Breast cancer is the second most frequent malignancy among women, according to the American Cancer Society. Women over the age of 45 who are at moderate risk should have a mammogram every year. National Mammography Day is an important part of Breast Cancer Awareness Month, acting as a timely reminder for women to prioritize this screening.

Mammograms are essential for detecting breast cancer early on. Mammograms, like X-rays, can detect indicators of breast cancer before symptoms appear, giving patients the highest chance of a successful intervention at this time.

Completing your yearly screening clarifies the next steps, including whether additional tests such as diagnostic mammography are required. Mammograms have an impact that goes beyond diagnosis; regular screenings help to save lives every day, lowering the risk of dying from breast cancer by 25% to 30%.

When scheduling your screening, consider choosing a day when you are not menstruating. Breast pain or swelling is normal in the week leading up to your period, so picking a different time will help reduce discomfort.

Mammograms are an essential women’s health service for individuals aged 40 and up. This screening helps radiologists discover breast cancer at an early stage. On National Mammography Day, share this vital information with the women in your life, emphasizing the importance of mammograms in breast cancer prevention.

When was mammography created?

The History of mammography began in 1913, when a Berliner surgeon, A. Salomon realized a roentgeno-histological study on 3,000 mastectomies. This work is the basis of mammography.

In recent years, there have been substantial developments in mammographic x-ray equipment, picture recording methods, and viewing circumstances, indicating significant progress in breast imaging. Table 1 (1-7) summarizes key technical breakthroughs and quality control milestones in this field.

Only in the mid-1980s were many X-ray machines used for mammography dedicated to the task. These systems used tungsten target tubes originally designed for general medical imaging, such as chest radiography. Some of these units used improvised compression devices, which resulted in poor breast compression by current standards. Furthermore, several units had large focal spots or close focal spot-to-breast surface distances, resulting in significant geometric blur (unsharpness). Direct exposure (industrial type) x-ray films were commonly used, which required long exposure times and resulted in motion-induced blur and excessive radiation exposure. This era also had poor viewing conditions.

Currently, mammography is performed with dedicated mammographic x-ray equipment. These new units include specially constructed tube targets, smaller focal points, and much-enhanced breast compression devices, among other characteristics. The cassettes and screen-film combinations utilized are specifically designed for mammography, which contributes to higher image quality. Over the years, film processing and viewing conditions have greatly improved. In 2000, the Food and Drug Administration (FDA) approved the first digital mammography machine for clinical use, marking a significant development.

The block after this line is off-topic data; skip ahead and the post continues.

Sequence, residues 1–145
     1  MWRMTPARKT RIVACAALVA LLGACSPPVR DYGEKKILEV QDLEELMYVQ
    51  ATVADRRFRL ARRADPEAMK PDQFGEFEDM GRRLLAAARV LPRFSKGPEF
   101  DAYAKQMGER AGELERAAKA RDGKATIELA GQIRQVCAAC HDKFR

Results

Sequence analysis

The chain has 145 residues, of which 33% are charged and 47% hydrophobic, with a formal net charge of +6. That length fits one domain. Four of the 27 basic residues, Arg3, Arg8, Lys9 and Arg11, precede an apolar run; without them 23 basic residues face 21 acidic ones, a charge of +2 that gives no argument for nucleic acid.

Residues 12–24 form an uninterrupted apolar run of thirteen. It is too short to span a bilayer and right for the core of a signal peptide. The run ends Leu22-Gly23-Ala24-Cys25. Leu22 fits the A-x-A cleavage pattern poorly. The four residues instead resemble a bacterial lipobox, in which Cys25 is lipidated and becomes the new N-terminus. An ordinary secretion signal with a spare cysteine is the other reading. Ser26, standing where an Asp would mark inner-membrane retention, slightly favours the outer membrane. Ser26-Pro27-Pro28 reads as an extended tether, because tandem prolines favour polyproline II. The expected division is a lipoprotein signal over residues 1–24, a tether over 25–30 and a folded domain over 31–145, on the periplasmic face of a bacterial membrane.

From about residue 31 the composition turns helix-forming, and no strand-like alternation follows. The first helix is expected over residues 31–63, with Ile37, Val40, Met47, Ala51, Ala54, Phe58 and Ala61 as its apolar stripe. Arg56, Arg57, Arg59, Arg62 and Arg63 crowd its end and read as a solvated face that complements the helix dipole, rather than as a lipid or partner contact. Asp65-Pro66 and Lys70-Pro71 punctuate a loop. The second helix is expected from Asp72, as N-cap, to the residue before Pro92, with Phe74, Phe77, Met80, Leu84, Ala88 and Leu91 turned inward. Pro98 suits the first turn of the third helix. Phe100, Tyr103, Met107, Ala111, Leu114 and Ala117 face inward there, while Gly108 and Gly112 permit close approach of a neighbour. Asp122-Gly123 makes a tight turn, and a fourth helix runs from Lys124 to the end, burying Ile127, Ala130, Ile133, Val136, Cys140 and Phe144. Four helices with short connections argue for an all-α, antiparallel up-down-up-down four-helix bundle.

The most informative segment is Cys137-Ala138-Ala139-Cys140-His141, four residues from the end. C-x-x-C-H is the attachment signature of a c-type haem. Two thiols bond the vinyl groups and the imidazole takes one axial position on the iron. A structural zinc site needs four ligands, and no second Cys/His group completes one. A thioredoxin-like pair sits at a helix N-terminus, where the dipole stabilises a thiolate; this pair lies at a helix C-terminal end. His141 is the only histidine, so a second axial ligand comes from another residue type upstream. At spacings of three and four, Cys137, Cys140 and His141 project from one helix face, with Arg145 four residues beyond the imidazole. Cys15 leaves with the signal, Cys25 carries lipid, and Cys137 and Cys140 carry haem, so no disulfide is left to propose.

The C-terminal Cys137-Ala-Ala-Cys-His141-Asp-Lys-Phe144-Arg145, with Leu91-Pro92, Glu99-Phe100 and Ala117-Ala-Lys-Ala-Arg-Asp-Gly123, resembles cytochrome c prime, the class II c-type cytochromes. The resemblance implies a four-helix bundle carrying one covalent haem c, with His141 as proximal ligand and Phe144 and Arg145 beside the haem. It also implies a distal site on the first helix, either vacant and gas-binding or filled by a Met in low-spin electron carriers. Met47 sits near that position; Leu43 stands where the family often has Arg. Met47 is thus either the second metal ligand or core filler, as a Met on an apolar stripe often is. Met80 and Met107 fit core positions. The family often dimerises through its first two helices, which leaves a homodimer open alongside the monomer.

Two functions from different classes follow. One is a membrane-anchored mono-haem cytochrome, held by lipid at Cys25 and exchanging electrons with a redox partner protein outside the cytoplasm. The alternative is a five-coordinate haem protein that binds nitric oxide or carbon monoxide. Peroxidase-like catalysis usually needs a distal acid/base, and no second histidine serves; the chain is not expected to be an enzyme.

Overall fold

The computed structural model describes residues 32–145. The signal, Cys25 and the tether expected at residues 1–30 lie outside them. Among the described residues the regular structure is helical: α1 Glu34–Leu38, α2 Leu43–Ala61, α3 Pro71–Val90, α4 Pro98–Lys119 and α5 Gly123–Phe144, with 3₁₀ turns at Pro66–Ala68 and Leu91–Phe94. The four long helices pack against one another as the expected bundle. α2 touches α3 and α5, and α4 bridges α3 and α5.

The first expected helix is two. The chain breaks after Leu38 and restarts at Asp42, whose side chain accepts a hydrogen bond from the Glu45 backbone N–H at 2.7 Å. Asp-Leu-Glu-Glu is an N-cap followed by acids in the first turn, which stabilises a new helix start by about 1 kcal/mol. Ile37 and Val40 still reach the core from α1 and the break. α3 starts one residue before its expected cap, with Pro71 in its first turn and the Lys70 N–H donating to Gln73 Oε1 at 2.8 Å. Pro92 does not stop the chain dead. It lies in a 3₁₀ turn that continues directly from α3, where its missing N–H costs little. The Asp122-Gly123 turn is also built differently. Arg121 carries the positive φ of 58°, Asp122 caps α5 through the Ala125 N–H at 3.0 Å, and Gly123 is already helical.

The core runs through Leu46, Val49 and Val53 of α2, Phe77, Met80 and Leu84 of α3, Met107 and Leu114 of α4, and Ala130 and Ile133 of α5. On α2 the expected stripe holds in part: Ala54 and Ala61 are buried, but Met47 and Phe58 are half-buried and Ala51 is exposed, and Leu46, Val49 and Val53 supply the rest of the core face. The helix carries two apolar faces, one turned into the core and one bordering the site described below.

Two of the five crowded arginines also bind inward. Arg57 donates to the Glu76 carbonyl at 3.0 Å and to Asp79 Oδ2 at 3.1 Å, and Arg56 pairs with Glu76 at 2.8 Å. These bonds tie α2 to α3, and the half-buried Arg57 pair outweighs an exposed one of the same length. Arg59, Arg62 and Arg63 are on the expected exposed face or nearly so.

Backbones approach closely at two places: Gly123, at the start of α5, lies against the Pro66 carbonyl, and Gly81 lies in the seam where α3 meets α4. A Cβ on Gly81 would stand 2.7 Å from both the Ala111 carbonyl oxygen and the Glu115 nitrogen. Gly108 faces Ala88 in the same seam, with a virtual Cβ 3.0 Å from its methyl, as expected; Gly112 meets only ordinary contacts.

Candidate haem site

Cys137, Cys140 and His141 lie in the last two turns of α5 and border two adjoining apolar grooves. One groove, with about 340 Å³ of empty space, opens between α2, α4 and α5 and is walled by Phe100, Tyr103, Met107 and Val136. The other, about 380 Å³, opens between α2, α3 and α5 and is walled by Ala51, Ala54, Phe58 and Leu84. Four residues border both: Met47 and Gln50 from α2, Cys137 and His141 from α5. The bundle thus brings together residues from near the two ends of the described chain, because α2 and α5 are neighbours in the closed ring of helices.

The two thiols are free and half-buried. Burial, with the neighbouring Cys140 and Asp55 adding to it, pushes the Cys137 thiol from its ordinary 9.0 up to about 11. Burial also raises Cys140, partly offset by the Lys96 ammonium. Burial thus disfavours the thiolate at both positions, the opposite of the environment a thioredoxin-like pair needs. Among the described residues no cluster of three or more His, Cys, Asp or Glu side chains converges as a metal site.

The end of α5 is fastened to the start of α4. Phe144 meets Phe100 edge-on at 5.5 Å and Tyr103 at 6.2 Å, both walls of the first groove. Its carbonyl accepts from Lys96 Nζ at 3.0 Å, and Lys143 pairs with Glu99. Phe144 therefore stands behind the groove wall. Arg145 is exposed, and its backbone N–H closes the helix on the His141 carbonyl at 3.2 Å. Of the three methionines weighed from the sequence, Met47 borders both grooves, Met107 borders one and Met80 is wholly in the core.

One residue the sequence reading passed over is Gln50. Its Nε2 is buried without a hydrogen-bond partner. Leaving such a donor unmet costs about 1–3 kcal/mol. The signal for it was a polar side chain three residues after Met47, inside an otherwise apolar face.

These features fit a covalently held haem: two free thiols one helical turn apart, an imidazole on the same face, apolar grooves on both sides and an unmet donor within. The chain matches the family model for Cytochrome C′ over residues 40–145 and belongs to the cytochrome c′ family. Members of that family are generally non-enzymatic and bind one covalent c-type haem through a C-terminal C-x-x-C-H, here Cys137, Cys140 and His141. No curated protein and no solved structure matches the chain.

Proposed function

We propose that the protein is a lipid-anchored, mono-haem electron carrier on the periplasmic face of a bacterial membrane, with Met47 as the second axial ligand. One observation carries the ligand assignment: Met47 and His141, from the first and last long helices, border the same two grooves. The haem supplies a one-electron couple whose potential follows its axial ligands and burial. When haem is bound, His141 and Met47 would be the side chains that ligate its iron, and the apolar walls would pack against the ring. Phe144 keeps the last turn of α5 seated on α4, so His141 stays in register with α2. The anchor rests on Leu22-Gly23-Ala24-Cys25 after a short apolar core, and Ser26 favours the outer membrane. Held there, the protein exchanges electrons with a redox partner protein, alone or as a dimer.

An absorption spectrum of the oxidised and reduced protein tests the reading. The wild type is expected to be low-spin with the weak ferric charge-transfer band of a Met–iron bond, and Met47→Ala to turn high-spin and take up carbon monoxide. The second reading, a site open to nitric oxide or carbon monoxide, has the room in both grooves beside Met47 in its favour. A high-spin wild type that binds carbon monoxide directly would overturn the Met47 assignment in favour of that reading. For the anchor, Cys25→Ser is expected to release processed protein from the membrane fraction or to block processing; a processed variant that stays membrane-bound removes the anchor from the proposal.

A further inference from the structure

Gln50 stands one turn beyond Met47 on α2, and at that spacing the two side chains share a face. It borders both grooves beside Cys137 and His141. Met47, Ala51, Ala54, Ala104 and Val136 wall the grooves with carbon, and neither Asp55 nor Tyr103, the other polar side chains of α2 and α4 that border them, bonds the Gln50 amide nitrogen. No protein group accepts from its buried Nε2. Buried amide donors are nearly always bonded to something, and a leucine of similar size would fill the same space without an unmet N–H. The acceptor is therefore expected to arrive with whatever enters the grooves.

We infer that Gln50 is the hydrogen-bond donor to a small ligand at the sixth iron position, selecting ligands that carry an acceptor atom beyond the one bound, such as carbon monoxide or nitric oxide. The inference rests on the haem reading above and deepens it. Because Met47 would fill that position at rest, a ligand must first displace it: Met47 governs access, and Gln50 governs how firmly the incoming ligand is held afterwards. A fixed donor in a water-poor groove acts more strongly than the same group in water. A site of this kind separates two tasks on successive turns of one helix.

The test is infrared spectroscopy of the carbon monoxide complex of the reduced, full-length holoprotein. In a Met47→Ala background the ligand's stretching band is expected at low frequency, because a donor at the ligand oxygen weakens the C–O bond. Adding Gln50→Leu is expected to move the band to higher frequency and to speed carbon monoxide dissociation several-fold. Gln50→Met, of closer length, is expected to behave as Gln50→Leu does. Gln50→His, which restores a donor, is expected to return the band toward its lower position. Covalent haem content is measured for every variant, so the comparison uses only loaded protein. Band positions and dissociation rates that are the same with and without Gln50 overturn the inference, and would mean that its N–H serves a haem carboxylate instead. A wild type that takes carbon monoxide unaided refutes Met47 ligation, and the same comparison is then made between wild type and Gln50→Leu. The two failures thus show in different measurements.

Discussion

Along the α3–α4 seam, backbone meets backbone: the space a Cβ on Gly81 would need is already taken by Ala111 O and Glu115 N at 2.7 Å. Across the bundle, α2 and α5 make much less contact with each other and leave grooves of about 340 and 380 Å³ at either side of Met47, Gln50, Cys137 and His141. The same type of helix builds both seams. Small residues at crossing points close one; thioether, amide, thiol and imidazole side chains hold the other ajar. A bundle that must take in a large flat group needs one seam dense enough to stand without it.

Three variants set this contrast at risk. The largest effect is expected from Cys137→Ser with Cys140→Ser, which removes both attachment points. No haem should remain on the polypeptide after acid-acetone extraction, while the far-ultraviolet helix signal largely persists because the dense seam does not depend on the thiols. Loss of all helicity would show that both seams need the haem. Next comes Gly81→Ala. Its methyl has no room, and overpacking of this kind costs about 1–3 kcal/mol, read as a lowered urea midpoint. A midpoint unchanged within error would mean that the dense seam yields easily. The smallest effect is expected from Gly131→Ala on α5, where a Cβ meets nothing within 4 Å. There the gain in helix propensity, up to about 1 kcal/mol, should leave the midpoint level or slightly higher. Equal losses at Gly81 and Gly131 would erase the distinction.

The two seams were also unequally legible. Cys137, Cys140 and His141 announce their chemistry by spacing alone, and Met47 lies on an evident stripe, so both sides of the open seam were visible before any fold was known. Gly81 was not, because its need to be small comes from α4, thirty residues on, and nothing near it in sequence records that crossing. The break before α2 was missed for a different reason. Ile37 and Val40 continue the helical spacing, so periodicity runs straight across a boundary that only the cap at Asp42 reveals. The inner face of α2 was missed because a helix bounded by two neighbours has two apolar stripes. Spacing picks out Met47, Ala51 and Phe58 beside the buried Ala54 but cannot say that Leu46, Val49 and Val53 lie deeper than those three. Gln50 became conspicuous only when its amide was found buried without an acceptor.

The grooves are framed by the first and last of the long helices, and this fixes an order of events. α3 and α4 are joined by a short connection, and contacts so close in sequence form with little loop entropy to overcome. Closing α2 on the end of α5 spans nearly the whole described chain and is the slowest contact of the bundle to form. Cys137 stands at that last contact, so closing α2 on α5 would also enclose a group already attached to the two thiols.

What days are best for mammogram?

Breasts can be tender the week before and during menstruation, so try to schedule your mammogram for one to two weeks after your period starts. We ask women to not wear deodorant, powder, lotion or perfume on the day of their exam as they could show up on the mammogram.

A mammogram is an X-ray of the breast that healthcare professionals use to check for breast cancer and detect abnormalities in breast tissue.

Mammograms are regarded as a helpful test since they aid in the early detection of breast cancer, typically before symptoms appear and up to three years before they may be palpated or otherwise diagnosed. This preventative measure is known as a screening mammography. Healthcare specialists prescribe a diagnostic mammography when new symptoms appear, such as a lump, discomfort, nipple discharge, or changes in breast skin.

Breast cancer is the most common cancer worldwide and remains one of the leading causes of mortality among women. Despite continued advances in breast cancer treatment, early detection enabled by screening mammography has greatly reduced cancer-related mortality and improved the survival rates of affected people.

National Mammography Day 2018

National Mammography Day, while lacking in huge parades and lavish feasts, does provide a unique opportunity for something equally remarkable. Why not take advantage of the opportunity to organize a dinner focused on ‘healthy choices,’ inviting your loved ones—whether spouse, friends, or family—to participate in an evening of meaningful conversation and shared awareness?

Gathering around a table dedicated to wholesome, nutritious cuisine provides the foundation for a discussion about the significance of this day. As the aroma of healthful foods fills the air, you might discuss the significance of National Mammography Day and its place in National Breast Cancer Awareness Month.

Consider integrating foods with health advantages, such as leafy greens, colorful vegetables, and lean proteins. These options not only make for a wonderful lunch, but they also fit with the idea of supporting general well-being and preventive healthcare.

During the evening, engage in frank discussions regarding the burden of breast cancer, the necessity of early detection through mammography, and strategies for encouraging regular screenings. Share personal tales, experiences, or insights that may be meaningful to your loved ones, building a sense of community in the pursuit of health.